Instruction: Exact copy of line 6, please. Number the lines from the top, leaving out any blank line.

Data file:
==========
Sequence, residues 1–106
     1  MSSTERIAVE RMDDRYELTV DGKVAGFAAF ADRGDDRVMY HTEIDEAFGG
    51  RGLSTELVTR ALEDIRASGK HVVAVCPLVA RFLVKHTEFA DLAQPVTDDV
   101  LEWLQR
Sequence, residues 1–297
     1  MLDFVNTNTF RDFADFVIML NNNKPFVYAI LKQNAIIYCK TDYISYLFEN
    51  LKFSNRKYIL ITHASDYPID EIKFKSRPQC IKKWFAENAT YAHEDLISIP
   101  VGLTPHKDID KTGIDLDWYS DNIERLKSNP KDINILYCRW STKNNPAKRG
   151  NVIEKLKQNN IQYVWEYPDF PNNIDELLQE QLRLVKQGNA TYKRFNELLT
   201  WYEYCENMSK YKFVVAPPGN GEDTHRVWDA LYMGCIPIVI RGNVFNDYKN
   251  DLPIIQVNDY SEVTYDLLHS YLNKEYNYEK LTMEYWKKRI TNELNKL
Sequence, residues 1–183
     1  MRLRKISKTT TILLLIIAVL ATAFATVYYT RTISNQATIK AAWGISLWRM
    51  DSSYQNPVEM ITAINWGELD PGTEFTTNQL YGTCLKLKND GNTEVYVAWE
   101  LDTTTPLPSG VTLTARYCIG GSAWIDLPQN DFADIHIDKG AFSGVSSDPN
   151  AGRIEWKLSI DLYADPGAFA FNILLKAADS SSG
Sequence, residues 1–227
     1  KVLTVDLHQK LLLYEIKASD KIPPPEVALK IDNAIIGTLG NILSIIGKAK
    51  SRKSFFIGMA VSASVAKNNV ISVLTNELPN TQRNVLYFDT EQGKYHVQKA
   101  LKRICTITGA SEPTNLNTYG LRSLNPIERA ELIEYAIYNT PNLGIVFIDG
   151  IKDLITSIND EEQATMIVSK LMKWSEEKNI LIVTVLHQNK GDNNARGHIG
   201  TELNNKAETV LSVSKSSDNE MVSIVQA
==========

     1  MLDFVNTNTF RDFADFVIML NNNKPFVYAI LKQNAIIYCK TDYISYLFEN